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Napa doctor named in wrongful death lawsuit, faces sexual misconduct, exploitation allegations
Health Care

Napa doctor named in wrongful death lawsuit, faces sexual misconduct, exploitation allegations

Medical Board of California

A Napa medical doctor should be held responsible for the death of a 23-year-old woman to whom he supplied drugs and had a sexual relationship with, claims a wrongful death lawsuit filed in Sonoma County Superior court.

The complaint, filed in January and updated in May, states that Andrew Charles Patrinellis, MD, “blocked” this woman from getting the care she needed and “supplied illicit drugs and alcohol, as well as prescriptions for drugs which increased her risk of suicide and caused her death.”

The woman died by suicide in January, 2018.

Patrinellis should have known that the woman, who later became his patient, was at “risk of suicide,” said the suit, filed by Patrick French, a relative of the woman.

The doctor abused his medical license by issuing her prescriptions for Ambien, Adderall and Klonopin, states the complaint.

The 52-year-old doctor also faces similar accusations by the State Medical Board of California, filed on June 18.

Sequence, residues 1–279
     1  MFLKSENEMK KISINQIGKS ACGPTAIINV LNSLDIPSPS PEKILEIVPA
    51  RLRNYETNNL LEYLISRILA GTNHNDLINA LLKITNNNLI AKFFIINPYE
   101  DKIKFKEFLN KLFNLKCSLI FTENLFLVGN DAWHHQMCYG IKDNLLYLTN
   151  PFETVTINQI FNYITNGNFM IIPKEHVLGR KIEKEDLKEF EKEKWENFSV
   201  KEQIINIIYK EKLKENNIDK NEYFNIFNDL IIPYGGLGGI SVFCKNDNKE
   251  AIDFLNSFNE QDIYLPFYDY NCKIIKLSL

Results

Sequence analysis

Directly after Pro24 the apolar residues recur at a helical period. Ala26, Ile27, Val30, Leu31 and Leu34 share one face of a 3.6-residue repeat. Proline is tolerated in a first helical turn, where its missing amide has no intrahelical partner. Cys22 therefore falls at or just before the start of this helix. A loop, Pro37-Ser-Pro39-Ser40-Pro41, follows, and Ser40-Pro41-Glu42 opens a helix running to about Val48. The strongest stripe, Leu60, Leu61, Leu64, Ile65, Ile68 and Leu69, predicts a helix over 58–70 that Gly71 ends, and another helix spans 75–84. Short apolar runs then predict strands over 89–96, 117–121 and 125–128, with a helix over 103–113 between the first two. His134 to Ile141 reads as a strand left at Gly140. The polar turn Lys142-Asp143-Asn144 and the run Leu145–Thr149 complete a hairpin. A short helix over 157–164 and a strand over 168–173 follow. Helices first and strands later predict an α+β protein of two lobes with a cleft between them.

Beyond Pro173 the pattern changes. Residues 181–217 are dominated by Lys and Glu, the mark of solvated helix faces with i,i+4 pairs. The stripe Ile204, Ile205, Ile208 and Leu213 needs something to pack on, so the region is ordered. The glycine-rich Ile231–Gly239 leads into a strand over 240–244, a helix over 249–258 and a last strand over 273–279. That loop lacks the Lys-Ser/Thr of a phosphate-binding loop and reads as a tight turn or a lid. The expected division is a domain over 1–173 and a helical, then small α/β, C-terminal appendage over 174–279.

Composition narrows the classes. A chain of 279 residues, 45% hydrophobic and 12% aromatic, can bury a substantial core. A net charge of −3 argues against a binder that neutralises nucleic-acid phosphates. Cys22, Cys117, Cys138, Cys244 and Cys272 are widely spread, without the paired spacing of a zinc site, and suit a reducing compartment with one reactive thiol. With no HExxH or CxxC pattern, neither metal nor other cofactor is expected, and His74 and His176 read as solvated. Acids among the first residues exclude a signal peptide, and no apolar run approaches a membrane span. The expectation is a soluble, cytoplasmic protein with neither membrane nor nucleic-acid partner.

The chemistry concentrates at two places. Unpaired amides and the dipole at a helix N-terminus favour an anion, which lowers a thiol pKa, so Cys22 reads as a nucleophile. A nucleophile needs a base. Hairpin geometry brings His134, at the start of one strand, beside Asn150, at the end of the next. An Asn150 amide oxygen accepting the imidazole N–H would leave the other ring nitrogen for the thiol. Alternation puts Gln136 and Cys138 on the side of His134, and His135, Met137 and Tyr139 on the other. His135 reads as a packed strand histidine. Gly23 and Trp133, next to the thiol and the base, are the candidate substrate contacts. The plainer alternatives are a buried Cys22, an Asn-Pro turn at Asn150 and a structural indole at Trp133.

Those accusations include sexual misconduct, sexual exploitation, unprofessional conduct and negligence in his care of this female patient, which may be based on the lawsuit.

In addition, the State Medical Board filed a second accusation on June 18 against Patrinellis alleging negligence and incompetence regarding a second patient.

The physician is listed as the medical director at two Napa businesses: Napa Valley Medical & Esthetics and Napa Valley MD. He is also a medical director at Hayes Valley Medical & Esthetics, located in Larkspur and San Francisco.

Patrinellis did not respond to requests for a comment. However, during a phone call, Patrinellis’ attorney, Robert Hodges, told the Register that the doctor “is devastated that anyone would make these claims.”

“We believe the charges are baseless and the case will be defended,” Hodges said.

“At no time did Dr. Patrinellis have a romantic or sexual relationship with the patient,” or prescribe any inappropriate form of controlled substance, he said in a letter to the Register. Hodges also denied the accusations made by the State Medical Board.

Hodges said that the woman was a friend of Dr. Patrinellis “who unfortunately committed suicide over her breakup with her boyfriend.” Dr. Patrinellis was not the woman’s boyfriend, said the attorney.

The Register has a general policy to not identify people who die by suicide.

The wrongful death complaint

According to the wrongful death complaint, a friend of Patrinellis met the woman in a drug and alcohol rehabilitation recovery program. That friend then introduced the woman to Patrinellis in 2016.

Patrinellis established a social and sexual relationship with the then-22-year old. The woman was “young and vulnerable,” with “significant depression, anxiety, substance abuse and relationship issues and with a history of prior suicide attempts,” all of which became known to Patrinellis, the complaint stated.